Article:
//section header table offset
               Elf64_Off      e_shoff;
               uint32_t      e_flags;
               //header size
               uint16_t      e_ehsize;
               //entry size for program header table
               uint16_t      e_phentsize;
               //program entry numbers
               uint16_t      e_phnum;
               //entry size for section header table
               uint16_t      e_shentsize;
               //section entry number
               uint16_t      e_shnum;

               uint16_t      e_shstrndx;
           } Elf64_Ehdr;

Conclusions or diffs:
+ type is different
+ no start point for .o file
+ no program header for .o file

2.section header table

exec file section header table:


.so file section header table:


.o file section header table:


typedef struct {
    uint32_t   sh_name;// section name
    uint32_t   sh_type;//section type:RELA,STRTAB,SYMTAB...
    uint64_t   sh_flags;//rwe...
    Elf64_Addr sh_addr; //virtual address(no for .o file)
    Elf64_Off  sh_offset;
    uint64_t   sh_size;
    uint32_t   sh_link;
    uint32_t   sh_info;
    uint64_t   sh_addralign;//address align 
    uint64_t   sh_entsize;
} Elf64_Shdr;

Conclusions or diffs:
+ the sections of exec file and .so file are almost the same
+ more sections in exec and .so file than .o file since some sections like .fini/.init_array/.fini_array/.got/.got.plt/.init … are added during linking process
+ the virtual address of every section in .o file is 0,but not in exec and .so file

3.program header table

exec file program header:


.so file program header:


.o file program header:


typedef struct {
               uint32_t   p_type; //segment type
               uint32_t   p_flags; //permission
               Elf64_Off  p_offset; // offset
               Elf64_Addr p_vaddr; //virtual address
               Elf64_Addr p_paddr; //phisical address
               uint64_t   p_filesz; //size
               uint64_t   p_memsz;
               uint64_t   p_align;
           } Elf64_Phdr;

Conclusions or diffs:
+ there is no program header for .o file
+ some sections are divided into one segment according to the permisson flag

4.common sections explain

#path for elf interpretor
#here is an article about changing the ld
#the dynamic linking symbol table
#strings needed for dynamic linking
#executable instructions that contribute to the process initialization code(before main)
#procedure linkage table
#for GOT dynamic linker
#executable instructions of a program
#executable instructions that contribute to the process termination code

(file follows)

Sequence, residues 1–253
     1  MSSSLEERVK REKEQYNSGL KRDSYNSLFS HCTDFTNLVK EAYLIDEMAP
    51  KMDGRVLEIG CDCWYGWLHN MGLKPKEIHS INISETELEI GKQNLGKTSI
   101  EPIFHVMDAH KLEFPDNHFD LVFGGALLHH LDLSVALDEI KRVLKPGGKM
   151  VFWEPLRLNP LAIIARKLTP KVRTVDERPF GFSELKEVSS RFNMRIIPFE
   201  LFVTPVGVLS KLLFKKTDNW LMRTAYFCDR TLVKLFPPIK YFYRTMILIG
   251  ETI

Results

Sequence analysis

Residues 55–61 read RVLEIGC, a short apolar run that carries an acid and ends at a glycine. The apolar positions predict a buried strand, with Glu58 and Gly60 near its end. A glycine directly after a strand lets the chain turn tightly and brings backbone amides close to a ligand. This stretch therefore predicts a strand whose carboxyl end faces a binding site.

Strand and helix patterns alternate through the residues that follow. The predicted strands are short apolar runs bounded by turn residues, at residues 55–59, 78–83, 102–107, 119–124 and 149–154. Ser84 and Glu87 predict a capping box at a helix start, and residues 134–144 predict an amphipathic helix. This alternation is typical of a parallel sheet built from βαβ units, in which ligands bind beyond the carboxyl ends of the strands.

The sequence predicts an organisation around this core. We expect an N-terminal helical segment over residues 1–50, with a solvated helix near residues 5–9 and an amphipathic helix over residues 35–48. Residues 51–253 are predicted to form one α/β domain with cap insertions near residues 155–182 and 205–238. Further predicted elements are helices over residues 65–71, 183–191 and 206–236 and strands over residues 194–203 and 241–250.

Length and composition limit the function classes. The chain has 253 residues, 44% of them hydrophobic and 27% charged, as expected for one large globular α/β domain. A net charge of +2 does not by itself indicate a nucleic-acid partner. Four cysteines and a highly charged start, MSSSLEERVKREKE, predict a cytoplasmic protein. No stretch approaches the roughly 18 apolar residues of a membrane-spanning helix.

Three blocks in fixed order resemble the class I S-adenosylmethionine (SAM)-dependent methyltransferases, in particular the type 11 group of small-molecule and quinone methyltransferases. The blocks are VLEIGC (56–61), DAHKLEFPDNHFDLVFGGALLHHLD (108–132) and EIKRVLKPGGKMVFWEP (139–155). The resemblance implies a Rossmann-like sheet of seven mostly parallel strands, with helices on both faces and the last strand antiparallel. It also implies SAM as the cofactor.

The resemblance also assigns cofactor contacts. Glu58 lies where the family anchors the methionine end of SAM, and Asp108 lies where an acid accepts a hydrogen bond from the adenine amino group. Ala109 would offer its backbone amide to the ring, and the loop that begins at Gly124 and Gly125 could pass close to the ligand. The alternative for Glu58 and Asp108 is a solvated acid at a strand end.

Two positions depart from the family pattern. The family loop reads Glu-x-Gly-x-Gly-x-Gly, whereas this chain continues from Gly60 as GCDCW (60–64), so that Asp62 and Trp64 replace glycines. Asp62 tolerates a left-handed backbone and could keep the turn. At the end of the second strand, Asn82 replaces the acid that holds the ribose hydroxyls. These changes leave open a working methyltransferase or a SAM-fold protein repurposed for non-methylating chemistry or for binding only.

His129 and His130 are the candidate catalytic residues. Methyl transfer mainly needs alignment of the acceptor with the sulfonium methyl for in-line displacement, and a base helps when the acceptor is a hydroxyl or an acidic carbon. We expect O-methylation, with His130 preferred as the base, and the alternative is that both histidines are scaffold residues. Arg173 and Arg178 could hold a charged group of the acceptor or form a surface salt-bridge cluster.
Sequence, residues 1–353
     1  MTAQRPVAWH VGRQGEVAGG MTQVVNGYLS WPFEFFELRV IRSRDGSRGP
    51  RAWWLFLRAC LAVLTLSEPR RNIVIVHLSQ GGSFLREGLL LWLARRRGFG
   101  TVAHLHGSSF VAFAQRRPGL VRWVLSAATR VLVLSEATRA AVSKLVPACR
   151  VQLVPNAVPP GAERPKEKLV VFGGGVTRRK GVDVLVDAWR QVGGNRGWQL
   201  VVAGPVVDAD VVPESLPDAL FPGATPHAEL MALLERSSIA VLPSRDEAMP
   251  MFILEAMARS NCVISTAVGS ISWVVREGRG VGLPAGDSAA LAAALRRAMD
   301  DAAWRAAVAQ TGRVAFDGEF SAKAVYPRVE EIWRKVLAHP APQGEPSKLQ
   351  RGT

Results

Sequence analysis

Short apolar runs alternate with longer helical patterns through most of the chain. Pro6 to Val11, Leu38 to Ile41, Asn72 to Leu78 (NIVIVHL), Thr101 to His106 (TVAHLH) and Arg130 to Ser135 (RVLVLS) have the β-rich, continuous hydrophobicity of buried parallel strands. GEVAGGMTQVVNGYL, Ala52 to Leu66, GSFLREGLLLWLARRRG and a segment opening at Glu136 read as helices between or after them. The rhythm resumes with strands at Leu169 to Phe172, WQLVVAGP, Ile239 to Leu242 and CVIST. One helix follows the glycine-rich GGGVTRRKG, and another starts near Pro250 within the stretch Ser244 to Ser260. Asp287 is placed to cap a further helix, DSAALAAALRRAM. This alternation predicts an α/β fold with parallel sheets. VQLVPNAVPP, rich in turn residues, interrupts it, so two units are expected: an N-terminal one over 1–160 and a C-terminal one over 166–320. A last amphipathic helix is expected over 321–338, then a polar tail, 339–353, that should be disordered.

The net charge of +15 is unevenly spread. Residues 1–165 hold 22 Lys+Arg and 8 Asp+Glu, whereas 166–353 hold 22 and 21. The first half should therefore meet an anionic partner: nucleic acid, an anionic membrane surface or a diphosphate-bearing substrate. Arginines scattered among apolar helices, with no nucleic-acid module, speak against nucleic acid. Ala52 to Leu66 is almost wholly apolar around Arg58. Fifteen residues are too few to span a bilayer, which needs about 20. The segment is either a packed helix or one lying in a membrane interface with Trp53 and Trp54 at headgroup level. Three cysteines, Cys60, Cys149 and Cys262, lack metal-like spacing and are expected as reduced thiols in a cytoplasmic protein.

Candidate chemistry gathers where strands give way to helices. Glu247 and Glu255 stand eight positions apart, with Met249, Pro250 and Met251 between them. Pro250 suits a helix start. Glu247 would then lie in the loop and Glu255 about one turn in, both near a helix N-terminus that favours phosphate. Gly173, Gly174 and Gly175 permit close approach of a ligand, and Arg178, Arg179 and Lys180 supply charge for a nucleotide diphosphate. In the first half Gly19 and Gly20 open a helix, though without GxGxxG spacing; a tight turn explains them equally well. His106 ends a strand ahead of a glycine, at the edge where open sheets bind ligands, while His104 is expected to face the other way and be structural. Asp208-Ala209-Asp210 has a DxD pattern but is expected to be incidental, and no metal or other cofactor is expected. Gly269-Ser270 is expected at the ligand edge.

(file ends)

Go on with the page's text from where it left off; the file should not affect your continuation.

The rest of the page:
# read-only data
#dynamic linking information
#global offset table
#for dynamic linker to resolve global elements
# initialized data
#uninitialized data
#version control info
#section names
#string table
#symble table
#debug info

for C++:

#initialized pointers to the C++ constructor functions
#initialized pointers to the C++ destructor functions

The sections contain important data for linking and relocation , while segments contain information that is necessary for runtime execution of the file.

About program header:
here is picture portraits the diff views for sections and segments:

5.code mapped into sections

In the last part we take a look at the symble table for our code in main.c and print.c and verify the scope of vars.

//get symble info use nm
nm exec | egrep "main|print"
the 3 columns:
--vaddress (dynamic linking is NULL)
--symble type and local or global
1.uppercase stands for global,lowercase is local
D|d:initialized data section
T|t:text (code) section
R|r: read only data section


So we can check the symbles in main.c and print.c,you can find how the code and data are mapper to each sections,and then organized into segments when linked into executable elf files,so it can be easily loaded into memory(actually mapped) by the OS loader(to some extent we can think it’s execve syscall)

6 to the end

In all,I talk about the three parts of the elf files in Linux especially some diffs between exec,.so and .o files and the organization for sections and segments.
If you want to know more precisely about these topics,you can refer to the following materials:

some articles: manual is so powerful^_^)
some books: